Jack is a 30-year-old dentist who encountered difficulties because of his obsessional fear of contamination while performing procedures. He had 2 years of CBT combined with clomipramine. However, he obtained no relief, and indeed, his symptoms worsened. He did not feel he had an adequate affective connection with the therapist. Jack’s dental partner was concerned that Jack’s compulsive behaviors (triple face masks and goggles, multiple layers of gloves, checking practices, excessive rumination about doing certain procedures, spacey appearance) would be dam- aging to their dental practice. He insisted that Jack get more help.

When I began his treatment, Jack produced normal DES, SDQ-20, and SDQ-5 scores in his initial diagnostic interviews. Over a period of months, however, he subsequently endorsed many amnesia items and significant depersonalization and derealization items of the SCID-D. He also described somatosensory flashbacks of “something” in his eye and “blood in the mouth.”

Jack came from a family in which chaos and rage had been prominent features. A grandmother was a notable “worrier,” and his mother had rituals. He reported significant sexual trauma in college but still had no feeling about it. “I can talk about it, but I feel totally nothing when I do.” Jack was placed on fluoxetine, and an emphasis was placed on developing a therapeutic alliance, the introduction of the expectation that he could recover, self-hypnosis, hypnotic ego-strengthening, and cognitive- behavioral interventions such as thought stopping. Once Jack began to experience a small degree of mastery over his response to treatment and to have the expectation that he could recover, ego state exploration was begun. After a year of weekly therapy, his symptoms abated, he became more assertive, and he was able to relax and to enjoy both work and recreation. He achieved certification in his dental specialty, and he left the partnership to establish a solo practice in his subspecialty.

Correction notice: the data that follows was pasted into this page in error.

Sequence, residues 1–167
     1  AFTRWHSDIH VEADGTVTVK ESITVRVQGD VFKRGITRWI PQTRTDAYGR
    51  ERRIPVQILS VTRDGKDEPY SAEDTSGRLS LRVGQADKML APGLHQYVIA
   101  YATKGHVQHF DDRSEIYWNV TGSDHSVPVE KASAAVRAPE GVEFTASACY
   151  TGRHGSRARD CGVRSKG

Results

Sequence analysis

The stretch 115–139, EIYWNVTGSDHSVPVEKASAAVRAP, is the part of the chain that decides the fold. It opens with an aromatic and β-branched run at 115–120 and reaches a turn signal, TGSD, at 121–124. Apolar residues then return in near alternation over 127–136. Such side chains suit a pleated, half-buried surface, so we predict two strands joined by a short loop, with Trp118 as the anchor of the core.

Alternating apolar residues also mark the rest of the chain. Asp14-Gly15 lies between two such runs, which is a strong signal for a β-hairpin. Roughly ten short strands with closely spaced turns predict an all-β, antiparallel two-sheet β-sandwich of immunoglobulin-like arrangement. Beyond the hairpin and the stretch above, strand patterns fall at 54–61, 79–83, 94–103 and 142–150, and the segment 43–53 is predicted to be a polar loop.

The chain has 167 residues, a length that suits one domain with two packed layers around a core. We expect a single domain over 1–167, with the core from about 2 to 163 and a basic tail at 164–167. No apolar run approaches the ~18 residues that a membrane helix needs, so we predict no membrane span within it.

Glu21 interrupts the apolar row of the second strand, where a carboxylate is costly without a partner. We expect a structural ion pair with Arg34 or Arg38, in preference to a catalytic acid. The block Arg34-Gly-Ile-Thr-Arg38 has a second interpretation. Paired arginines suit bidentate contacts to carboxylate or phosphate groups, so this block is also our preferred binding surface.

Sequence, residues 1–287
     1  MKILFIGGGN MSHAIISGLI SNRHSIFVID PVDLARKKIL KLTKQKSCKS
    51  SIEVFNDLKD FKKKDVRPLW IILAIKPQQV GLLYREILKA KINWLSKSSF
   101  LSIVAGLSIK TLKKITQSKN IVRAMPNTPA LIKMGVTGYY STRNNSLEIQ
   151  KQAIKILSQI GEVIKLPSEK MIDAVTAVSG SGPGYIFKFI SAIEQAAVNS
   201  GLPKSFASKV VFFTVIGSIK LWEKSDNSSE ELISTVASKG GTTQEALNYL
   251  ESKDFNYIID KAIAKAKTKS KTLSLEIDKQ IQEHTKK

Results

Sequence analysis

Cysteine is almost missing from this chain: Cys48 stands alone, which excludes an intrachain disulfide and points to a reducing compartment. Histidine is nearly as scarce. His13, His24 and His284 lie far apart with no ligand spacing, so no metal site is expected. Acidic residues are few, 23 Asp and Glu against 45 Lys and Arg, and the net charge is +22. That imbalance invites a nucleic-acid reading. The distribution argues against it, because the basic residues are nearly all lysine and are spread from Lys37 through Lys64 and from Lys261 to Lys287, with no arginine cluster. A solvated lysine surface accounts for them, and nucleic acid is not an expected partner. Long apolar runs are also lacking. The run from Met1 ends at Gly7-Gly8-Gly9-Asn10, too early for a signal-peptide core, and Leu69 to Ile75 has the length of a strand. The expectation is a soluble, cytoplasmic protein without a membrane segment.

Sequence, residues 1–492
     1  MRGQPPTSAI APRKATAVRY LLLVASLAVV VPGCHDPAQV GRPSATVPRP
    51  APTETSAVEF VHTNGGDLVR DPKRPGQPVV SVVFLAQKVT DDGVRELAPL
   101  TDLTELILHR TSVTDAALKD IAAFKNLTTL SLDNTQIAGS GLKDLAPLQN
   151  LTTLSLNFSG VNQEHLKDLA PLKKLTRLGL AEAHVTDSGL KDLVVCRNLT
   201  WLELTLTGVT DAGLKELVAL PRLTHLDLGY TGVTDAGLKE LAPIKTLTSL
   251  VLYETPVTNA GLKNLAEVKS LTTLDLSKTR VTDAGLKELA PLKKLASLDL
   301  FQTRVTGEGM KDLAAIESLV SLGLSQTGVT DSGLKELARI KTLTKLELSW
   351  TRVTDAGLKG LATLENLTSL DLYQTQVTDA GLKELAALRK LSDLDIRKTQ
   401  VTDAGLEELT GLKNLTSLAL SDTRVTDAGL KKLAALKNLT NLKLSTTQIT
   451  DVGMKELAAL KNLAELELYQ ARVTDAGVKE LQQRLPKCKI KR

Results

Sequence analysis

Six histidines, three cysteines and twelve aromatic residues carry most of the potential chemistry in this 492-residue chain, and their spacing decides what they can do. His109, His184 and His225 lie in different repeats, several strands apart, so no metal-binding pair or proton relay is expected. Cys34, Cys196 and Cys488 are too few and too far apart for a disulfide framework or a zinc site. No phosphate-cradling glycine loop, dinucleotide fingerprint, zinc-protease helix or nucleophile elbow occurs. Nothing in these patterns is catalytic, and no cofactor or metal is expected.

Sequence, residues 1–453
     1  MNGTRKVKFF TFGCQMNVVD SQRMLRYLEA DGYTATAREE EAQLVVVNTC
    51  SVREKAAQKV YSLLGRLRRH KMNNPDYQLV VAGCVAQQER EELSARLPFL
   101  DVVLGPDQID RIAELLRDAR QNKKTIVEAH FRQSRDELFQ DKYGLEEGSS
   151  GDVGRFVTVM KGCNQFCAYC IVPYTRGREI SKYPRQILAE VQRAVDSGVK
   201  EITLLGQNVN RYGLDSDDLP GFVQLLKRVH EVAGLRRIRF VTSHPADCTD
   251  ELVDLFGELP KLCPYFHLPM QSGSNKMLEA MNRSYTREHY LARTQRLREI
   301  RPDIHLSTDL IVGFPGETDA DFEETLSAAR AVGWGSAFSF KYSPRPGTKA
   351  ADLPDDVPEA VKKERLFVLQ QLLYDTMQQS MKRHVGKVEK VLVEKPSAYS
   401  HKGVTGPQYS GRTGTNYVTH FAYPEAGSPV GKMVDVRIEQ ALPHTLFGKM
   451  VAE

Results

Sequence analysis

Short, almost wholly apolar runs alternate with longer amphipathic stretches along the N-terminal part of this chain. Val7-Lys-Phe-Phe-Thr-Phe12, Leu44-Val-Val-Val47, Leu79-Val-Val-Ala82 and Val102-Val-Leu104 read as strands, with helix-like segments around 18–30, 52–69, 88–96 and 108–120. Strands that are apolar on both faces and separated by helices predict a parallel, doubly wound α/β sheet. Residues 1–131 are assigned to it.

Jack’s wife then left him, and he was able to cope with this appropriately. During the second year of his treatment, his symptoms and flashbacks gradually vanished, and Jack became completely free of ruminations and compulsive behaviors. He then saw me twice a year for “checkups.” Three years later, he remains symptom free. Because of the strong familial element to Jack’s symptoms, we decided that he should remain on fluoxetine.

Jack’s treatment was geared to improving his response to therapeutic interventions. Although he had received treatments shown to be efficacious in his previous therapy (clomipramine and CBT), they had not helped him. Luborsky, McLelen, Diguer, Woody, and Seligman (1997) in comparisons of 22 therapists across 7 patient samples found that identical manualized and strictly controlled treatment applications yielded results that varied strongly. To this end, effectiveness factors such as working to create a therapeutic partnership and offering Jack hope that he could recover may have been vital to his improvement. Another deficiency in his previous therapy was the failure to try other, more efficacious medications or medication combinations (Pato & Zohar, 2001).

The Stage I work (Ginandes, 2002; Phillips & Frederick, 1995) also included efficacy-based interventions (medication and CBT). The stabilization and symptom improvement gave Jack hope that his treatment was working. The Stage II (Ginandes) work introduced hypnoanalysis and expanded into resolution of Jack’s dissociative symptoms. Psycho- therapy and maintenance medication (directed at genetic factors) have produced enduring relief from the symptoms of OCD.

There is no need for efficacy and effectiveness to be exclusive of one another. It is recommended that research be conducted into their respective roles in the treatment of the extremely complex clinical syndrome known as OCD. It is possible that, especially with refractory cases, efficacious treatments are not able to work with certain patients when effectiveness factors are absent. The path to the discovery of efficacy-based treatments for OCD stretches into the future as a long and complicated one.


Claire Frederick (2007), Hypnotically Facilitated Treatment of Obsessive-Compulsive Disorder: Can it Be Evidence-Based? International Journal of Clinical and Experimental Hypnosis, 55(2): 189–206, 2007.